Portraits Of One-To-One Learning Environments In A New Learning Ecology

John Lee, Hiller Spires, Eric Wiebe, Karen Hollebrands, Carl Young

Abstract


This research reports on four teachers in a new learning ecology prompted by one-to-one computing. The new learning ecology involves a set of unique conditions for teaching and learning including: (a) immediate and constant access to information; (b) intensity, relevance and personalization of learning; (c) highly developed student dispositions; and (d) highly developed teacher capacities. The study utilizes a multi-case method approach with four high school core subject classes, including data from classroom observations, interviews, and teacher materials. The findings suggest that teachers searched for ways to situate one-to-one computing in their teaching through a variety of negotiated actions: (a) incorporating the computer as an ancillary tool, (b) supporting existing pedagogical strategies, and (c) establishing the computer as a hub for learning activities. Additionally, important consistencies regarding the nature of the learning ecology emerged in the classrooms.  These findings are an initial attempt to create a robust theoretical frame for one-to-one computing within a new learning ecology.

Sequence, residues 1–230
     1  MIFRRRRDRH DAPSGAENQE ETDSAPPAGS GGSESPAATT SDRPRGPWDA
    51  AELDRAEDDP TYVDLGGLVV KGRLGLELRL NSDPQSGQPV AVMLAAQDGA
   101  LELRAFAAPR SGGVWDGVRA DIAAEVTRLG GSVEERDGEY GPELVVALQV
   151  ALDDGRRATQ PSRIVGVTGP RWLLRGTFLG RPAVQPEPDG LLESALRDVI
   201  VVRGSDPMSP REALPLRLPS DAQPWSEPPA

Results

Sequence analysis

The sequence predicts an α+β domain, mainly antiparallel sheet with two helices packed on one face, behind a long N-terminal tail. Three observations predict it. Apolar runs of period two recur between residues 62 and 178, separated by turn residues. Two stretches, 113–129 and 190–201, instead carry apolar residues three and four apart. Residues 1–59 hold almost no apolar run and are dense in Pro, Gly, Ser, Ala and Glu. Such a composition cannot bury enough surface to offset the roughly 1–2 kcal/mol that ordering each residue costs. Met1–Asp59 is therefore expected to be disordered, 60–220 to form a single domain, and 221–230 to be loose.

Keywords


One-to-one computing, learning ecology, technology, pedagogy

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References


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